Darjeeling, the ‘Queen of Hills’, is a paradise on earth cuddled in the lap of the majestically gorgeous Mt Kanchenjunga. Green tea gardens stretch from the hills to the valleys, pine trees grow along the peripheries, and the toy train with the snow-covered mountains in the background succinctly summarises the beauty of this place. The tranquillity and calm nature of the beautiful Himalayas are naturally inherited by the locals, and this is reflected in their lifestyles, traditions, art, and music.
In accordance with the natural beauty of the place, fashion is a religion for most of the young folks here – so much so that it isn’t cool for anyone to not have a swanky get up in the highly fashion conscious streets of Darjeeling. Independence Day in Kalimpong is celebrated more religiously than Diwali or Dussehra, and a new set of clothes is a must for most teenagers.
Darjeeling was a part of Sikkim in the first half of the seventeenth century. It was annexed by Nepal in the 1780s. Within a few decades, Nepal was dominating its neighbour (Sikkim). The Gorkhas of Nepal conquered the areas to the east of the Teesta River and the Terai region. After the Anglo-Gorkha war in 1814, the Treaty of Segowlee was signed between the British East India Company and the King of Nepal in 1815. The treaty forced Nepal to cede the territories that the Gorkhas had annexed from Sikkim to the Company. Later in 1817, through the Treaty of Titalia, the Company restored the areas between the Mechi River and the Teesta river to the Chogyal of Sikkim. In 1835, Sikkim returned the Darjeeling hills to the British. The Treaty of Sinchula in 1865 between the Company and Bhutan helped the British gain control of Dooars and Kalimpong.
Today, Darjeeling comprises of the Darjeeling constituency, Kurseong, Mirik, and parts of Siliguri, as a result of this long history of treaties and annexations. Kalimpong is now a new district which also includes parts of Dooars.
A century ago, the people of Darjeeling felt that on the basis of their ethnic history and distinct identity, a separate administrative unit for the Gorkhas would be an initiative for the greater good of the community. This separate administrative unit, with time, took the shape of a demand for a separate state within the Republic of India. Such a demand had become a necessity, chiefly because of the identity crisis of the Indian Gorkhas, but also because historically Darjeeling has never been a part of Bengal and because states in India are created on an ethnic and linguistic basis.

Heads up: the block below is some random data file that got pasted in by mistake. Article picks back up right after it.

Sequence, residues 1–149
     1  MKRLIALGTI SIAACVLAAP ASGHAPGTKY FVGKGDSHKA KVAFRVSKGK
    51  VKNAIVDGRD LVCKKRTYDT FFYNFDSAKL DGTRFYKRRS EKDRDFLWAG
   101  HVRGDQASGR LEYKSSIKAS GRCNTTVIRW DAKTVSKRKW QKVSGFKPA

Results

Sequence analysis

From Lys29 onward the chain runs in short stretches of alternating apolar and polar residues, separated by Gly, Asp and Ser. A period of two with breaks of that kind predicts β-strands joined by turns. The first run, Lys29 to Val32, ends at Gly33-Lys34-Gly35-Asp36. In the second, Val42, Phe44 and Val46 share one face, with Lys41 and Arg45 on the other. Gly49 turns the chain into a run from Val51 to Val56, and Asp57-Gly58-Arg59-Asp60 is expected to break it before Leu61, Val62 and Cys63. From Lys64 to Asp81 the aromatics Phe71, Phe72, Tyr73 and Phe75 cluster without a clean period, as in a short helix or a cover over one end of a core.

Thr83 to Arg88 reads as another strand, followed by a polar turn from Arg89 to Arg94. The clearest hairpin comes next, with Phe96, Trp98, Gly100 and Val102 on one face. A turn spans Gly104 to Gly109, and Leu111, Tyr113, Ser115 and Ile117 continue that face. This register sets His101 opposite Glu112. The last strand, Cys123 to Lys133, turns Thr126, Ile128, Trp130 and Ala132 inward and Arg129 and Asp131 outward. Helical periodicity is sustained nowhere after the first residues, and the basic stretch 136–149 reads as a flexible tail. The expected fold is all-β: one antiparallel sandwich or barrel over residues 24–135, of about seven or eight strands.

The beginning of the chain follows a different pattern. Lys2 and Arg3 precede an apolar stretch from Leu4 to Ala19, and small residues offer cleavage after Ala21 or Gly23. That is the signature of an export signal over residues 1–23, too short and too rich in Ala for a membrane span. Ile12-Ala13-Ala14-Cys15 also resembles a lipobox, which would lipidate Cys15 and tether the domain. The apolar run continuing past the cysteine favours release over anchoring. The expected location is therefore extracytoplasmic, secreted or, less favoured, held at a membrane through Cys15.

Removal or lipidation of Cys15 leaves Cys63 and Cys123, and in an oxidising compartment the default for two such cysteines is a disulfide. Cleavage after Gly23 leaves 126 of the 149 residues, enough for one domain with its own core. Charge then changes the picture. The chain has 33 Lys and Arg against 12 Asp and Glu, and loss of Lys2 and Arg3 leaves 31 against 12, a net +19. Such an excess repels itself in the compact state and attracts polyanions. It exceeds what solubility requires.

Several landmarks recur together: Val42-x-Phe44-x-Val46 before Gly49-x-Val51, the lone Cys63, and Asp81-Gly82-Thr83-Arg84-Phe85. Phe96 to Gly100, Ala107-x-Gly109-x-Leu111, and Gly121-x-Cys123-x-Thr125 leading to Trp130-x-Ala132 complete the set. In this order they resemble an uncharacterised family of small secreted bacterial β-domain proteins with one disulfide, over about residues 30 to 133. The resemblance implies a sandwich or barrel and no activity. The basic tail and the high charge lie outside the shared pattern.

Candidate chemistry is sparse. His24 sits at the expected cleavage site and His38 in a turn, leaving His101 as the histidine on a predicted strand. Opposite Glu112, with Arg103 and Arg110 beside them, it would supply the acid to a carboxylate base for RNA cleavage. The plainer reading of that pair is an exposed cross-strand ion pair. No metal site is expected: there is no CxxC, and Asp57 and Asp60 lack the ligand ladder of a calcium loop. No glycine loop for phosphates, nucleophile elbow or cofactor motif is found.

The Hillmen’s Association of Darjeeling was the first group to raise a demand for a separate autonomous body to administer Darjeeling, in 1907. They raised similar demands in 1917, 1930 and 1934 to the British government, for separation from Bengal. The Akhil Bharatiya Gorkha League (ABGL), in 1952, demanded separation from Bengal. Various other political parties like the CPI and Pranta Parishad also raised demands for Gorkhasthan.
Subhash Ghisingh, under the banner of Gorkha National Liberation Front (GNLF) in 1986, began a fresh agitation for a separate state – Gorkhaland. The agitation ended in 1988, with the formation of the Darjeeling Gorkha Hill Council (DGHC) with some degree of autonomy covering some areas of Darjeeling district.
In 2004, Subhash Ghisingh was made the sole caretaker of DGHC by the then Bengal government, till a new Sixth Schedule Tribal Council was established. The work culture of the Ghising administration had almost always been authoritarian, with a lack of transparency and rampant corruption. The chairman was almost inaccessible. This undemocratic functioning of the administration, the high unemployment rates among educated youth, and the dictatorial attitude of the party in power created a trust deficit among the public. The big mistake Ghising made in 2007 was not supporting or acknowledging the “Indian Idol” contestant from Darjeeling, which baffled the entire hill population. His cold reaction was perceived to be utterly humiliating and insensitive. Secondly, provisions of the Sixth Schedule were still very unclear, and this wreaked havoc among the non-tribal population.
The public grudge against Ghising’s 21-year long misrule was capitalised on by Bimal Gurung, a former aide of Ghising. When Gurung was in GNLF, Ghising’s liabilities were his as well. As soon as he left GNLF, those liabilities became assets. In 2007, he launched the Gorkha Janmukti Morcha (GJM) and within a short period of time, he managed to garner overwhelming support from the public. By 2008, Gurung became popular and was looked upon as the only one who could possibly make Gorkhaland a reality. Many people participated in dharnas (hunger strikes) or provided voluntary support for the agitation in other ways, giving momentum to the Gorkhaland movement.